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Ultimo NSW 2007

The Harmfull Effects of Chronic Inflammation and how Nutrition can Help

Published on June 03, 2015

The prevalence of chronic inflammation is on the rise in Australia. Chronic musculoskeletal conditions, autoimmune disease and gastrointestinal disorders are all common reasons why the body’s inflammatory markers may rise, but there are many more. Inflammation often results in pain, reduced mobility and a lack of vitality, but any system of the body can be affected by chronic or acute inflammation and symptoms can vary greatly.

Recently a raft of studies has highlighted the role that chronic inflammation plays in the onset of many serious and chronic diseases.

This is especially true in the cardiovascular system, where new research into the mechanics of cancer has also pointed to inflammation playing a role in irregular cellular changes.

So, What are the signs of chronic inflammation?

There are many indications that inflammation may be impacting your life apart from the usual joint stiffness & muscular pain. Many common benign conditions are linked with chronic inflammation:

  • Allergies such as chronic sinus congestion, eczema and psoriasis through the release of IgE antibodies that are linked to the dysregulation of immune cells.
  • Depression, stress & mood changes – seen through the release of markers in the brain called pro-inflammatory cytokines.
  • Digestive disturbances such as parasitic and bacterial imbalances, leaky-gut syndrome, IBS and Inflammatory Bowel Disease. Inflammation results from the hyper-activation of the immune system and destruction of tissue in the gastrointestinal track.

What else will inflammation feel like?

Chronic or acute inflammation can present in many different ways:

  • Localised or systemic pain and swelling
  • Food intolerances and chemical sensitivities
  • Digestive changes including diarrhea or constipation
  • Acne, poor wound healing and other skin infections
  • Recurrent colds and lingering infections
  • Insomnia and sleep disturbances

Other indicators you might be suffering from ongoing chronic inflammation include

  • High cholesterol and cardiovascular disease
  • Hormonal issues such as endometriosis and prostate conditions
  • Blood tests showing increased inflammatory markers

Considering all we know about inflammation and its harmful effects we all want to know what we can do to help our bodies process inflammation quickly and efficiently, right?

Follow these few simple tips to maximize your body’s chances of dealing with inflammation quickly and naturally.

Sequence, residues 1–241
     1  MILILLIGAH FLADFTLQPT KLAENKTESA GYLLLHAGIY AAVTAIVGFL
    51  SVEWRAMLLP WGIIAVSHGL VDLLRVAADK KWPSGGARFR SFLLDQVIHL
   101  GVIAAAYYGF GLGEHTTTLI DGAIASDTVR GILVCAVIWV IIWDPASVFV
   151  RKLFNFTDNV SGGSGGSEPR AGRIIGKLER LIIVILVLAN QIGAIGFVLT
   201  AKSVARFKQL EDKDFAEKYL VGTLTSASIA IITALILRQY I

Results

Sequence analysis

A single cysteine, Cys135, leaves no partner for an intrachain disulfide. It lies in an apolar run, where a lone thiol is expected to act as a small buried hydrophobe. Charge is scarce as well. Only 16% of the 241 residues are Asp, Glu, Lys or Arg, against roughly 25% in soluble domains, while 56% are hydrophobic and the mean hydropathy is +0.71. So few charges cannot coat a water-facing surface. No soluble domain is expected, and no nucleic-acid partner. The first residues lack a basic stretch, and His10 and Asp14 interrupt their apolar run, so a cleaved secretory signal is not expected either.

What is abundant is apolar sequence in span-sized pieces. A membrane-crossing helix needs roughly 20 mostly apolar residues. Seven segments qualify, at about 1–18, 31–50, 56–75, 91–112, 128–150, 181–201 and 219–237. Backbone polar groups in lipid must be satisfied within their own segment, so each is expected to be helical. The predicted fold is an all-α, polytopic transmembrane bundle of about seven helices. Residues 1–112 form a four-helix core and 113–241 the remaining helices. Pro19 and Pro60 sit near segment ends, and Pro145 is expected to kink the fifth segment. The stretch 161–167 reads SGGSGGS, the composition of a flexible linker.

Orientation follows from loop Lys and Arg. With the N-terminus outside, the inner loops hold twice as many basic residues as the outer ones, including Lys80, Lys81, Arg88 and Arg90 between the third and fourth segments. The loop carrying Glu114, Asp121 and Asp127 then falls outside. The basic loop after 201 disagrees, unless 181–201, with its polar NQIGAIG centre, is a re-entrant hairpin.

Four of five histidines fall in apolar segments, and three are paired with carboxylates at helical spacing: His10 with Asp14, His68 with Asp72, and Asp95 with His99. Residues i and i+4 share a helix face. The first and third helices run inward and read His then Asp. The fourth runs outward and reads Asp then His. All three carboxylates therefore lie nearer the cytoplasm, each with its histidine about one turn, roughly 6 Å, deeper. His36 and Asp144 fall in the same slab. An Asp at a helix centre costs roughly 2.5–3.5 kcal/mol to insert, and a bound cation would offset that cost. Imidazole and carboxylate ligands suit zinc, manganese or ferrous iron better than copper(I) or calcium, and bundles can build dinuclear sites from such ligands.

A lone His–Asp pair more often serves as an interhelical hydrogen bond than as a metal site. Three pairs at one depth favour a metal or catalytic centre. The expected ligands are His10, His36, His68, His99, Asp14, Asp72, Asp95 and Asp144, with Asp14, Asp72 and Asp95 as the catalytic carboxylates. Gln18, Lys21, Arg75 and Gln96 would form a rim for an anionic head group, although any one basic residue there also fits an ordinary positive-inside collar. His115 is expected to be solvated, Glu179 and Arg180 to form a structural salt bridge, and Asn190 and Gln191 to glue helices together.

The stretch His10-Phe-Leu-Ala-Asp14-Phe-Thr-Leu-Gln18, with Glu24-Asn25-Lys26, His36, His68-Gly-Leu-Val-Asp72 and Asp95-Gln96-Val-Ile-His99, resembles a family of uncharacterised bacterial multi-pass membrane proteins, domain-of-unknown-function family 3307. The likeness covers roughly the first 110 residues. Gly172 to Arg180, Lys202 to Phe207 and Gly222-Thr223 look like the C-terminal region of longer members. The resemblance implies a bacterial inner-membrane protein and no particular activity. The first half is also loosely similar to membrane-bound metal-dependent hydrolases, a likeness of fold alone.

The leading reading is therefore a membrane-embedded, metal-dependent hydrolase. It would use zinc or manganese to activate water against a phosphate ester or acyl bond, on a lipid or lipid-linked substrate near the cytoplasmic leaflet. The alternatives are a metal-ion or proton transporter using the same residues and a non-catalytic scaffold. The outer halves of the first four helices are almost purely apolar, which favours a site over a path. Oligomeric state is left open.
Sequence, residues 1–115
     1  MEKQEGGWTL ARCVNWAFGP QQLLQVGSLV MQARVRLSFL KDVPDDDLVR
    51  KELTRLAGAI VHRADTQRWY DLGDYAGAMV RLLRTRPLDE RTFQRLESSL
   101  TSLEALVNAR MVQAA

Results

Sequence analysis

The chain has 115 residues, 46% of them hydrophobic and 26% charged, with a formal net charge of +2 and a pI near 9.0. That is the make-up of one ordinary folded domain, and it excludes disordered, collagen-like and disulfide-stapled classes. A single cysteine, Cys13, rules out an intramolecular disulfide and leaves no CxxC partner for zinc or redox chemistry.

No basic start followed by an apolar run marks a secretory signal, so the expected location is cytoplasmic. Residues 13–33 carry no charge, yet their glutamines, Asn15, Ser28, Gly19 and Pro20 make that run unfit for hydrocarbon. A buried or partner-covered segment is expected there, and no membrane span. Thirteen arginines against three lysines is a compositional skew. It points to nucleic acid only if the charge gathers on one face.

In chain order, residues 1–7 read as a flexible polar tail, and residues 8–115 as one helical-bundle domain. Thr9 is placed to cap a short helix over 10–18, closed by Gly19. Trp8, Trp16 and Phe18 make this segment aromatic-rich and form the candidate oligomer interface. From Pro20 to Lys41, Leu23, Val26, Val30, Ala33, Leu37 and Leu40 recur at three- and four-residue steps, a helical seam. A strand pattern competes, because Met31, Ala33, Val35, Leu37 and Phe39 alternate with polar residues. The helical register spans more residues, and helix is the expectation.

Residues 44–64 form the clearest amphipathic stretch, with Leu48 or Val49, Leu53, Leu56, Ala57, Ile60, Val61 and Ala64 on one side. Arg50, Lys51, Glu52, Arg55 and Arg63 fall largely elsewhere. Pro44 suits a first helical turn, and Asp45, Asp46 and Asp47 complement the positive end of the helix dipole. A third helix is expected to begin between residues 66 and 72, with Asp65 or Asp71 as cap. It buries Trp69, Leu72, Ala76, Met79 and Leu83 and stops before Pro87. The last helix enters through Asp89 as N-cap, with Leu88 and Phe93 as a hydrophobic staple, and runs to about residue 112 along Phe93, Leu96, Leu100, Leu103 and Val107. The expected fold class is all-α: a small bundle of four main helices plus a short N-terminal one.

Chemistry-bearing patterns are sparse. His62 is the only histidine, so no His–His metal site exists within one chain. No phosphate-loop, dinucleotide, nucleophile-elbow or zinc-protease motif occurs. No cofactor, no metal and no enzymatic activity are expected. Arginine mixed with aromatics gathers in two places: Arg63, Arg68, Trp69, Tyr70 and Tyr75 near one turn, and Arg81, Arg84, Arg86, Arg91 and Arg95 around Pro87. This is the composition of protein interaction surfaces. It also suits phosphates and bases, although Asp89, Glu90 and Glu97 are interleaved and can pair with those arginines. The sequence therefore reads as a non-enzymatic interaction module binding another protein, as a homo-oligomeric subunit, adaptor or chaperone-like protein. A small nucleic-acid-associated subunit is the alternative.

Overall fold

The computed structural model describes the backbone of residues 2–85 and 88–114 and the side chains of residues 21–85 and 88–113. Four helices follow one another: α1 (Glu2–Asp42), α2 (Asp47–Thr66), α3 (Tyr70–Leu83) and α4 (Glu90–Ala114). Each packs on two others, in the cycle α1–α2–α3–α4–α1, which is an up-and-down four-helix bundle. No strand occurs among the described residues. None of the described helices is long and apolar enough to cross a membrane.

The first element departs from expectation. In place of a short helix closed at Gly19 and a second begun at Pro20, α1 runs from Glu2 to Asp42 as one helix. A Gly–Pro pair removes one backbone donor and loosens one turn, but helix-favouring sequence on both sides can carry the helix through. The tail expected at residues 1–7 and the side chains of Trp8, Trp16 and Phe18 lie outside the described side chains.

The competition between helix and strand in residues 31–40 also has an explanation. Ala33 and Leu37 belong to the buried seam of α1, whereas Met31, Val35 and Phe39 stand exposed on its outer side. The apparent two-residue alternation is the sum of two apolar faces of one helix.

Remember, this information is general in nature and if you have any ongoing concerns you should consult with a health professional.

What can you do about it?

Steps to Reduce inflammation with Nutrition:

  1. Check your nutritional status. A few simple blood tests can highlight nutritional deficiencies, such as low vitamin D or iron. Correcting these with help from a naturopath will get your levels back in balance.
  2. Eat your inflammation away: A balanced wholefood diet with an abundance of antioxidant rich fruit and vegetables, plenty of healthy fats and reduced added salts, sugars and processed vegetable oils can eliminate many symptoms of inflammation.
  3. Add Omega-3s: Research is proving again and again that fish oils down-regulate inflammation pathways in the body. Ensure you buy good quality fish oils to avoid heavy metal contamination and always buy sustainable seafood.
  4. Supportive herbal medicine: Herbs such as turmeric, ginger, chamomile and licorice are all wonderful anti-inflammatory herbs you can use daily in food or teas. A herbalist will create your own personal formula to target the body systems that need nourishing and repair.

If you think you might be suffering from chronic inflammation or are just interested in acting preventatively to protect yourself from the harmful effects of inflammation you can book an appointment with a naturopath to further investigate your individual situation. Naturopaths are ideally placed to deal with these kinds of complex and chronic issues.

And some other handy tips:

Get hands on: supporting physical pains and inflammation with therapies such as massage, osteopathy and acupuncture will aid your body’s healing process.

Get relaxed. There is good evidence that active meditative strategies like mindfulness meditation can decrease markers of chronic inflammation.

Get active. In addition to its myriad other benefits, exercise can ward off the harmful effects of ongoing inflammation.

Hannah Boyd,
Naturopath and Nutritionist

References and further reading are available on request. Contact Hannah at [email protected] for more info.

To book an appointment with Hannah Boyd or for more information please call the clinic on 1300 067 836. You can also book online.

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